The psychology that’s at work here is called loss aversion: “people’s tendency to strongly prefer avoiding losses to acquiring gains.” More simply – I really don’t want to lose that $20.

Throughout the holidays, I thought about that $20. Eggnog? No thanks. Is that extra serving of turkey worth $20 to me? I don’t think so. Delicious, delicious chocolate cake? So tempting … but so is not losing $20.

I also thought about my anonymous competitors. If that guy who thinks a 20-minute workout is good enough wins, and I don’t … well, that would just be silly.

Over the course of the month, I exercised and watched what I ate. Having money on the line made it a much more compelling prospect.

At the end of the month, I weighed in – and made weight. I split the $3,000 pot with several other winners, and got back $52. Not a bad return on investment.

The idea of betting a friend, or a few friends, to create an incentive to change behavior isn’t new. There are a lot of weight loss specific games like this out there – FatBetStikk andHealthyWage.com, just to name a few. I picked DietBet because one of my friends posted about it on Facebook.

I’ve put down money for a January weight loss bet, too. It will be a little more difficult this time around, as the “easy to lose” weight has already come off. But the stakes are higher this time. For January, I reinvested $50 of my $52 winnings. Now, I’ve got $50 to lose.

The pot for this game is obscenely high – around $65,000 (you read that right). So the upside is enormous, too.

That being said, I saw a game with a $300 buy-in. That’s a lot of money to have on the line … it sounds like a good incentive, but maybe too stressful to think about for a whole month!

Check out DietBet at dietbet.com. Post isn’t sponsored – just sharing a fun story. :o )

The Game Theory of Running

[originally posted at gametheoryninja.com]

Running is all about economics.  During a race, every decision is a cost-benefit analysis.

Here is a hill.  Do I run it to shave a few seconds off of my time, or walk it to avoid the risk too much lactic-acid buildup?

Here is another runner.  Do I make conversation over the next few miles, or save my breath for that next big hill?

Here’s an aid station.  Will the marginal Shot Blok or Gu give me an additional boost, or will it mess up my stomach?

Every choice can be modeled as a decision tree.  There’s a rock in my shoe.  Do I take two minutes to retie it and make up the lost time later, by running faster? Or, do I suck it up for the next 16 miles and face the blistering consequences for the next few days?

Every mile becomes a mathematical calculation.  I’m 18 miles in.  I’m running 26.2 miles today.  I’m a little less than two-thirds of the way through this race.  Without a calculator, I’d guess that’s about 60 percent completion.  Either way, I’ve got about eight miles to go.  At this pace, that’s around 75-80 minutes.  Can I keep this pace up for that long?  If I run a bit faster, I’ll finish faster; could I finish in 70 minutes?  That’s still a long time to be running.  How far until the next aid station?  That’s closer; I’ll think about that instead.  Am I at 19 miles yet?  What percentage of the way through is that?

I spent about 300 hours running last year.  That’s a lot of hours.  And that’s only the physical act of running.  This number doesn’t include thinking about running, reading about running, writing about running, or preparing for running.  I don’t even want to know how many hours that would be.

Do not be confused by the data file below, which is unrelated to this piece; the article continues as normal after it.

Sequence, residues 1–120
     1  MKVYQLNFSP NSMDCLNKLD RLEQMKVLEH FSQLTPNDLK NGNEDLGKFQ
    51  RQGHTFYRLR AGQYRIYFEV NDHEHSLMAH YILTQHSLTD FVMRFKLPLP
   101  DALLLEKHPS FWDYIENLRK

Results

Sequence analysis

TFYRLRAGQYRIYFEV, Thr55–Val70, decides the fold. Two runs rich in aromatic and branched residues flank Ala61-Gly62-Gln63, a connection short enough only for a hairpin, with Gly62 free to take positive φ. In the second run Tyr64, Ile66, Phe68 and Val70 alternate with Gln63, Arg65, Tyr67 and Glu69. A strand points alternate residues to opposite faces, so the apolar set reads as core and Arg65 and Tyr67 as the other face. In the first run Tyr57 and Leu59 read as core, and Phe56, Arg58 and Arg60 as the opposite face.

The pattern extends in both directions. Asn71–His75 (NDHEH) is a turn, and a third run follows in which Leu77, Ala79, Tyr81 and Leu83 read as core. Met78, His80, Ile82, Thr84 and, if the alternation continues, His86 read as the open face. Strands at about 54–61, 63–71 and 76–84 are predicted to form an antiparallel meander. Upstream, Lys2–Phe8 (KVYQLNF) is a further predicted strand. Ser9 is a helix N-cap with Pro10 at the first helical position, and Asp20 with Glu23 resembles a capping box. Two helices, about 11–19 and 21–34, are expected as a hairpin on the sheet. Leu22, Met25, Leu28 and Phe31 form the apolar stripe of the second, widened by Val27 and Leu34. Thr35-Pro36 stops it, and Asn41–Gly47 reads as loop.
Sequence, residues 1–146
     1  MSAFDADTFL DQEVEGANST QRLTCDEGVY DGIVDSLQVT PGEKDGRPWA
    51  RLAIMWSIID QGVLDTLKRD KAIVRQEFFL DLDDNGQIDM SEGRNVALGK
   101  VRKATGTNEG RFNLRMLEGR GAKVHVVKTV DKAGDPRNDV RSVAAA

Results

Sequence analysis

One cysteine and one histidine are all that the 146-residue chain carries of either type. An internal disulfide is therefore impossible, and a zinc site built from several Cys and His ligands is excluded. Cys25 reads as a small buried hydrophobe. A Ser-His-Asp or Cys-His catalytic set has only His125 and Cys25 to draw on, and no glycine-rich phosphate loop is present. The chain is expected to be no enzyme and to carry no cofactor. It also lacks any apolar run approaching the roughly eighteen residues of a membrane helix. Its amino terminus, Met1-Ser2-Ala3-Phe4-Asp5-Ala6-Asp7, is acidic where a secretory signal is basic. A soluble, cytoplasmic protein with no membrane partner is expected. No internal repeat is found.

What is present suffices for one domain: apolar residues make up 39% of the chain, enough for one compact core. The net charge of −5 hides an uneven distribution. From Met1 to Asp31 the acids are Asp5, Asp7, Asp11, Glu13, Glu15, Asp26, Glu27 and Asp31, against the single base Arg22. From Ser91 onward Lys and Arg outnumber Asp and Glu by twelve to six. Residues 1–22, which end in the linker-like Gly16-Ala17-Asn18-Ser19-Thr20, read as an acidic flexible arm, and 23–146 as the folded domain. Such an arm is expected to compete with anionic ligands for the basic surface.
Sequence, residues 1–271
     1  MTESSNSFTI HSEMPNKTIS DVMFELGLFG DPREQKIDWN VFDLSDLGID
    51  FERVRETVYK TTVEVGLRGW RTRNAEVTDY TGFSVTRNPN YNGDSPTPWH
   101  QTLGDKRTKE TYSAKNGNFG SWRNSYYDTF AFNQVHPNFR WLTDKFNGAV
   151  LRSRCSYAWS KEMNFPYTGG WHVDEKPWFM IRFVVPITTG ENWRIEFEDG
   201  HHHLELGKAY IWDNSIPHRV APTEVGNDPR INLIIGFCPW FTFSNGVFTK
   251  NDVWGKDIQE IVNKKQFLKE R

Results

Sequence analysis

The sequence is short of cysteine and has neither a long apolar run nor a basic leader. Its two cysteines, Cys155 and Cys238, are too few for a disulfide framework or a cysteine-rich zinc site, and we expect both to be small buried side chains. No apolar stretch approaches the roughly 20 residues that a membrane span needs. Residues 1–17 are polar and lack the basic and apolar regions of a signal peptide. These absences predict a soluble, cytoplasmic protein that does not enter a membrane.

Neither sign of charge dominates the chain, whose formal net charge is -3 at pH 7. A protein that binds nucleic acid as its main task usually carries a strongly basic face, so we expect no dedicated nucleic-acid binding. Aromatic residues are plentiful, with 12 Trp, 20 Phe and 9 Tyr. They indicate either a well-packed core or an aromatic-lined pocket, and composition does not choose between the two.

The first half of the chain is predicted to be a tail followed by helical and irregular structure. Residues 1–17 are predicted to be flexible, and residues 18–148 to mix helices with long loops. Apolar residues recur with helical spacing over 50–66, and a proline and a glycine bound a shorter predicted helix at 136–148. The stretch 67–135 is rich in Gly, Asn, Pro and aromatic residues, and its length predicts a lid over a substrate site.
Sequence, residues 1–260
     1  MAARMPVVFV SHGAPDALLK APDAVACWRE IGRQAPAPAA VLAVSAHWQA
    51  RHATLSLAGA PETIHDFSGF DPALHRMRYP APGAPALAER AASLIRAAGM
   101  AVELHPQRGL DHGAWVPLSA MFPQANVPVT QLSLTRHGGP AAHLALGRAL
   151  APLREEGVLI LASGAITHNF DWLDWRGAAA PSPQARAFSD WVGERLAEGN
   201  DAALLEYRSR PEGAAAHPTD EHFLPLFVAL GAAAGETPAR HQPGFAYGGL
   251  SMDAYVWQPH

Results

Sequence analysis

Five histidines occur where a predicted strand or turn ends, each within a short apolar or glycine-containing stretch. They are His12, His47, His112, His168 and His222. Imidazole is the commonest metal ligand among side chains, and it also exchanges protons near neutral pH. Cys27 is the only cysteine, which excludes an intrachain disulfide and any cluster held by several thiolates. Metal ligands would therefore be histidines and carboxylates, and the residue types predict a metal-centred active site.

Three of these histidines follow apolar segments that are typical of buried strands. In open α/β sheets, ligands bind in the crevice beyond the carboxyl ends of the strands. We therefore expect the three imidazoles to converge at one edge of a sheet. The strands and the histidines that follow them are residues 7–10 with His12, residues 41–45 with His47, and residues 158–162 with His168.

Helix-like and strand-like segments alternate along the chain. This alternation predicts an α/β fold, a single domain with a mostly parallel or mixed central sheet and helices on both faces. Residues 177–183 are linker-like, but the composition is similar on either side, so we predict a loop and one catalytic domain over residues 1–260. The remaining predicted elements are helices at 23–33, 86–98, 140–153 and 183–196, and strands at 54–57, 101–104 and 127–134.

Like any activity, running has an opportunity cost.  What could I have been doing yesterday for five hours instead of running?  What could I have been doing last year for 300+ hours instead of running?  Could I be out meeting new people? Working on a project? Would I know how to speak Russian by now?

Not only that, but I’m a young runner, especially for the distances that I run.  Does waking up at 5am every day have long-term negative effects?  I’m already suffering knee problems; when will I have to get knee replacement surgery?  Next year?  In ten years?

Every so often, I think about finding a new sport, or a new hobby, that would replace running.  But then I think about the value I get form the sport.

On a quantitative level, my blood pressure is low.  My body-fat percentage is low.  My LDL, or “bad cholesterol,” levels are so low that most basic machines can’t even calculate it. My resting heart-rate is low.

Those sorts of numbers are nice, but they aren’t really enough to get a runner through several hours of nonstop athletic activity.  The qualitative, immeasurable benefits are what keep us coming back.

Because I run in the morning, I probably see more sunrises in a week than most people do in a year. I spend time out in nature almost every day – time that would otherwise be spent in front of a computer.  And nothing compares to being alone on a mountain listening to the quiet orchestra of nature: the whisper of waves in the distance, the hum of wind through the grass.  Add in the percussion of your own rhythmic breathing and 4/4 footfalls, and it’s a veritable symphony.  Not only that, but vacationers travel thousands of miles for a view like this.

So, I’ve done the calculations.  Multiple times – I’ve had a lot of hours in which to think about them.  And, at least for now, the benefits of running outweigh the costs. In terms of monetary output and time, I’m happy with running’s return on investment.

See you on the trails.